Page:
While the festive period is a merry time for lots of people, for some, it can be a particularly difficult. Mental Health Motorbike (MHM) is a charity that exists to support the mental health and wellbeing of its members at all times of the year.
We’ve been hearing from some of their members who have shared how they ‘manage’ Christmas, to offer help for others, whether you ride, drive or don’t have a vehicle. The extracts carry a clear message of less being more. We all put ourselves under tremendous pressure and have to ask is it necessary, and if not take steps to release it. And if you can’t relate to their stories directly, we hope they’re a gentle reminder to be aware and supportive of others around you.
The full stories will be shared in their entirety on MHM website.
I'm Julia, I'm an Essex girl, but I wear motorcycle boots - not white stilettos. I'm 54, and all my life I've felt like I was given the wrong copy of the Haynes Workshop Manual of Life.
A few years ago, I was going through a very rough period in my life. I was feeling extremely low, and I wasn't getting the right answers from the medical professionals. I then found out I am Autistic. Now that I have my official diagnosis, I am writing my own instruction manual on how to deal with life with ASC, so I don't have to contort myself into uncomfortable positions to fit in with everyone else. My rules don't always sit well with others though, especially family, and Christmas is always a difficult time to navigate.
As a child Christmas was naturally exciting. But as I got older, I found it got more and more stressful every year. I slowly stopped buying presents for everyone, and then I stopped sending cards, and now I try to avoid any invitation for dinner.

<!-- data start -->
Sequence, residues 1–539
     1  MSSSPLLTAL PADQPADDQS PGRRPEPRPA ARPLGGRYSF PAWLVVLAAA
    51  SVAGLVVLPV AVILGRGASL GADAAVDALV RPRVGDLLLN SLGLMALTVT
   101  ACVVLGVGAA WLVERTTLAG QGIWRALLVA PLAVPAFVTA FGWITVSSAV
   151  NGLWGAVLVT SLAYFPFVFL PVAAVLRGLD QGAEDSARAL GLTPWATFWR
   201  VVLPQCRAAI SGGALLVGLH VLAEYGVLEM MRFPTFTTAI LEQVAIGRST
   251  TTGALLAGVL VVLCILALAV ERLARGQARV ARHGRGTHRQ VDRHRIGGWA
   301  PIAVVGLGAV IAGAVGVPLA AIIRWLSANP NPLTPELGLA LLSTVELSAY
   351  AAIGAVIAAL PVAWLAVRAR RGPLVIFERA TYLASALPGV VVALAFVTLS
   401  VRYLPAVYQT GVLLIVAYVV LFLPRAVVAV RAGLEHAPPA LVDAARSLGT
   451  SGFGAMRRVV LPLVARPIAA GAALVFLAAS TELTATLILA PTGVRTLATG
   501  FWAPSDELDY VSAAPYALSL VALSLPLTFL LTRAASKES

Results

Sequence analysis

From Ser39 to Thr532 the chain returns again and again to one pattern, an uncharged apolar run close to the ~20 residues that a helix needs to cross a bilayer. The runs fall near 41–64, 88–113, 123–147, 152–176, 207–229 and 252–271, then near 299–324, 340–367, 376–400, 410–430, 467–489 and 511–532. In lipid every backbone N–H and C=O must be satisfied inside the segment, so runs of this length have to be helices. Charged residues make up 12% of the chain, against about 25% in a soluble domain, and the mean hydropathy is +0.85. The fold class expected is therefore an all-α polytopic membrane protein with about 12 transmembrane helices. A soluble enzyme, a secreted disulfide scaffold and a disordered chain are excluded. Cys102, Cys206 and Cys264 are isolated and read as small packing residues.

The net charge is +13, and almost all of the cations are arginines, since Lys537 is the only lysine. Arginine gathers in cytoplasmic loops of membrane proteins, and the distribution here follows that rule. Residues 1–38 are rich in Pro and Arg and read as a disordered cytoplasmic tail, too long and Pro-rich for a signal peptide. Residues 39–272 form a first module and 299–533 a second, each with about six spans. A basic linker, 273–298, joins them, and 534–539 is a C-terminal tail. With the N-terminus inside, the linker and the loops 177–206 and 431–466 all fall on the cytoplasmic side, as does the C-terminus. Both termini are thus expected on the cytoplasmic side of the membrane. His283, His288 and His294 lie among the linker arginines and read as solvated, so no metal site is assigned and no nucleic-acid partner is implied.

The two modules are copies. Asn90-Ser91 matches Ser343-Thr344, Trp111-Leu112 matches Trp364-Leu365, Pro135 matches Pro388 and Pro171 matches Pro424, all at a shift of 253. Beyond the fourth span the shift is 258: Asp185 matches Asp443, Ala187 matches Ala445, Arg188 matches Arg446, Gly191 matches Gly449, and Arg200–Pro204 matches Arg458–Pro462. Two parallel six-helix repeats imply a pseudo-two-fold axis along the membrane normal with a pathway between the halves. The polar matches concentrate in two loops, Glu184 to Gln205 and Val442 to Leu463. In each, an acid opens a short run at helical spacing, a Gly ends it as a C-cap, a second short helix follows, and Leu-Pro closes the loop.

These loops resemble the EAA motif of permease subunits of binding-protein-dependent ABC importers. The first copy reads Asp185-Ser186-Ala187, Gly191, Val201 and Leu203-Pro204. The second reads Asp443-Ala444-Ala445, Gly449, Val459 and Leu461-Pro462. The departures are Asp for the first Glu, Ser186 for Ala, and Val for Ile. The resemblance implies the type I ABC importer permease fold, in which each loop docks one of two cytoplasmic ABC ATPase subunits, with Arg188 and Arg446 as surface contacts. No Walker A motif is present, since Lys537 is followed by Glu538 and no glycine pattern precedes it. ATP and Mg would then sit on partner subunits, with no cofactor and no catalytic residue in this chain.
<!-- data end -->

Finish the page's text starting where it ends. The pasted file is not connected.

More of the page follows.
Am I missing out? No! I save a considerable amount of money, I save the host from having to cook me a separate dinner, (I don't eat meat and I'm picky). I save quite a bit of paper, card and plastic from going to landfill, and most important of all, I save myself the stress and mental energy from not having to wear my sociable human mask all day.
I treat myself to something I really like and want for a present, if I can afford it. I cook whatever I fancy for dinner. It might not work for everyone, but it works for me. We have to realise that saying 'No' is not a selfish thing to do, if saying 'yes' is in some way detrimental to our health.
My name is Andrew and I have an online counselling practice. Over the years, Christmas has been largely a good experience for me. Though there have been years when I have been alone at Christmas and so lonely that I have cried myself to sleep.
My tips for managing Christmas… if it’s a stressful and anxious time for you and something that you would rather avoid, that’s fine. You’re allowed to have those feelings.